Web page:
3.) To address the effects of domestic violence on the employee or the employee’s dependent child.
How Do Employees Earn Their Sick Time?
This is perhaps the most frequent question we had from clients last week. There is no need to worry, though. Not every one of your employees will automatically have 40 hours of Earned Sick Time every year. An employee will earn one hour of sick time for every 30 hours worked. Employees can carry over up to 40 hours of unused sick time to the next calendar year, but can not use more than 40 hours in one calendar year. It is important to note, employers would not have to pay employees for unused sick time at the end of their employment.
- Your employee works 10 hours per week. They will earn 4 hours of Earned Sick Time after 12 weeks of work. They will earn a little over 17 hours of Earned Sick Time in one year.
- Your employee works 20 hours per week. They will earn 4 hours of Earned Sick Time after 6 weeks of work. They will earn a little over 34 hours of Earned Sick Time in one year.
- Your employee works 30 hours per week. They will earn 4 hours of Earned Sick Time after 4 weeks of work. They will max-out, and earn 40 hours of Earned Sick Time in one year.
- Your employee works 40 hours per week. They will earn 4 hours of Earned Sick Time after 3 weeks of work. They will max-out, and earn 40 hours of Earned Sick Time in one year.
The new law will not override employers’ obligations under any contract or benefit plan with more generous provisions. If you currently have a plan which provides as much paid time off, which can be used for the same purposes, and in the same conditions, you will not have to provide additional paid sick time.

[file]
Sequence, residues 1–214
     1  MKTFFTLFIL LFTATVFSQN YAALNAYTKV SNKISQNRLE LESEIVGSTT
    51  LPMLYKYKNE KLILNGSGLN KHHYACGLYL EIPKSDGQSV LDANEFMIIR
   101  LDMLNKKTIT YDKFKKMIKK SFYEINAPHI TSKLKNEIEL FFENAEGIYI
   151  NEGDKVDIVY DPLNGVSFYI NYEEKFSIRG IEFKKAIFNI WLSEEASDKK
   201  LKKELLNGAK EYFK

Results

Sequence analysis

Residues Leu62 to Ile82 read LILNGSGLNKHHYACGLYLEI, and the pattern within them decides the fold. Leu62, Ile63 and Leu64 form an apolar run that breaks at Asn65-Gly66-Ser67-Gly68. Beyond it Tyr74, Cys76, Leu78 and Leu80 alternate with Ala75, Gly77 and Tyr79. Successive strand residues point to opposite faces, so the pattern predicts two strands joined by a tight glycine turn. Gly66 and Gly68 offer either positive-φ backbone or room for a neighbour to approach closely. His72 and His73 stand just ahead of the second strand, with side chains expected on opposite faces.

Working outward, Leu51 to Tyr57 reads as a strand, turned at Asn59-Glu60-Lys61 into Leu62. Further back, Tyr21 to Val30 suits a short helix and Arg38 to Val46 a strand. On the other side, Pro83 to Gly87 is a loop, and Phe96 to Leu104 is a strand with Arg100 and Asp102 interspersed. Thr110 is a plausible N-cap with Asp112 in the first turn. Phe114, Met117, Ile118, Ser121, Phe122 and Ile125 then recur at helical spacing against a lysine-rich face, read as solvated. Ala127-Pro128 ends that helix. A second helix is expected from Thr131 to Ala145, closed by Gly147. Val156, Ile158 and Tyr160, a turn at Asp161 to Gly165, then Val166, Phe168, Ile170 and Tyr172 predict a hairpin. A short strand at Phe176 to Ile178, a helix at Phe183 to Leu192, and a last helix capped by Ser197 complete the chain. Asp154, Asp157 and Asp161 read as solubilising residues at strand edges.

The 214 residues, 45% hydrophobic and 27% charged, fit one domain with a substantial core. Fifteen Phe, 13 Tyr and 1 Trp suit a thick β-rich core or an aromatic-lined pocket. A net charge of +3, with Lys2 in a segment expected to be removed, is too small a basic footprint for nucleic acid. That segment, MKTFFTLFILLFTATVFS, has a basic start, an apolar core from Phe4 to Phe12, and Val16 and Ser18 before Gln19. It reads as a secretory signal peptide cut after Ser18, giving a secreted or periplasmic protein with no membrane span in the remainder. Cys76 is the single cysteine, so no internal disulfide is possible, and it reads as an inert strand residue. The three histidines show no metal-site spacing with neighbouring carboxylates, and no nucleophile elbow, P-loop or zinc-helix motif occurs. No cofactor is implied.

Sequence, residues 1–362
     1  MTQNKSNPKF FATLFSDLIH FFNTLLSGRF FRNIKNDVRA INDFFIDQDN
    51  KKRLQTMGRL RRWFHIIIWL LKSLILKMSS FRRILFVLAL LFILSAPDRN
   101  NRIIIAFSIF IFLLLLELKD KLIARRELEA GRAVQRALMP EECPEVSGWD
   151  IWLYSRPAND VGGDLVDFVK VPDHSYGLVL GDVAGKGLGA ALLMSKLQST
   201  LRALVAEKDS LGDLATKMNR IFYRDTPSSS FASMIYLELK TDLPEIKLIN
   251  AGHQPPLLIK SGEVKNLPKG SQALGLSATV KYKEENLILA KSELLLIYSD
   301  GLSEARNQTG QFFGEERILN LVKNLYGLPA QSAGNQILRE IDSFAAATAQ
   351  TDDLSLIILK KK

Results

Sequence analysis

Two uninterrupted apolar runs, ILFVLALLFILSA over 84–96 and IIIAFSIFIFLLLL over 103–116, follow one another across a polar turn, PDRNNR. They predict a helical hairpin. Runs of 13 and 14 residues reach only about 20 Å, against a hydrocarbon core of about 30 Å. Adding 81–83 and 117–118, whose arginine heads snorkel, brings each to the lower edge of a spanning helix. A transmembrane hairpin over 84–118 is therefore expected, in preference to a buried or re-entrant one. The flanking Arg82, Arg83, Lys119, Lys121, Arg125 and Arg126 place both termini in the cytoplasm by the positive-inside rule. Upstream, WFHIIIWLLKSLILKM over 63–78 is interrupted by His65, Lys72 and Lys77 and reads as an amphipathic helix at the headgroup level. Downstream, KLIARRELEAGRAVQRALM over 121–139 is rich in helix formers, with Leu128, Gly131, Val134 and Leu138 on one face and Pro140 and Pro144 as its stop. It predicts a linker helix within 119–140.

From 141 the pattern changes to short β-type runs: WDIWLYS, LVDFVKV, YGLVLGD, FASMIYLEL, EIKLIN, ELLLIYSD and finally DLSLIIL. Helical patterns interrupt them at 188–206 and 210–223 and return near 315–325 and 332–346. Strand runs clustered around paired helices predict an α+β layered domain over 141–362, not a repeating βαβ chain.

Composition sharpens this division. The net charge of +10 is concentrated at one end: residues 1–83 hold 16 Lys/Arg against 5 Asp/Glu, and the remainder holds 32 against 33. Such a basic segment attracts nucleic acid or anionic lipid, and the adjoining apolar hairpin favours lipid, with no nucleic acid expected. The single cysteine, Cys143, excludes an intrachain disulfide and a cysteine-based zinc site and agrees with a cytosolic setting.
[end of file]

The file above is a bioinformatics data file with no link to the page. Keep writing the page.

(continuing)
How Do I Track This?
The first thing you’ll want to do is review your time-off accrual policies. If you already offer an appropriate plan, and you are taking advantage of our time-off accrual tracking, there shouldn’t be much you need to do besides continue to monitor your employees’ available balances. If you do not have a plan in place, we can help you stay in compliance with the law. Our time-off accrual services is an easy add-on, and can be set up at anytime.
We can automate your tracking by accruing the appropriate amount of time earned per payroll. Your employees tracked balances can be tied to a “Sick” pay code, and will be reduced whenever you submit “Sick” hours in your payroll. Not only can every employee’s available balance be displayed on their pay stub, but you can easily access each employee’s stats of earned, used and available time with our online payroll – whether it be PlatinumPay or PlatinumPay Xpress. Lastly, we can provide you with a summary report every payroll, giving you a one-page snapshot of all of your employees earned time totals.
To setup an automated plan to track Earned Sick Time, and stay in compliance with this new Massachusetts law, email Eric@1Payroll.com or call your payroll specialist at 978-346-9025.